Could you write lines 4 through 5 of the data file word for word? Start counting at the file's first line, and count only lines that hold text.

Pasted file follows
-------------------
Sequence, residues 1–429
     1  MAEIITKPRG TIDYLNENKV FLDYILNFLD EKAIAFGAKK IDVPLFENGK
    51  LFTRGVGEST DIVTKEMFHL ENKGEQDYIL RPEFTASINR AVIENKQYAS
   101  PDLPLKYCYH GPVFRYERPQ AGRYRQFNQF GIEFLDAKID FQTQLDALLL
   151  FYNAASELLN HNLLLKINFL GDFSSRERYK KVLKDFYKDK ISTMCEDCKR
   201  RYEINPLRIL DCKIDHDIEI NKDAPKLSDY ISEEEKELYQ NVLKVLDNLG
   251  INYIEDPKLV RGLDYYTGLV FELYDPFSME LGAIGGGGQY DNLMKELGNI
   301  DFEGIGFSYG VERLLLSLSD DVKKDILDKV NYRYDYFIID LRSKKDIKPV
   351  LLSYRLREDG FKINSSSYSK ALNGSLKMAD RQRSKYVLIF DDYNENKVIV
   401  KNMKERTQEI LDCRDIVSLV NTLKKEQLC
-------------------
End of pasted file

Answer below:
   101  PDLPLKYCYH GPVFRYERPQ AGRYRQFNQF GIEFLDAKID FQTQLDALLL
   151  FYNAASELLN HNLLLKINFL GDFSSRERYK KVLKDFYKDK ISTMCEDCKR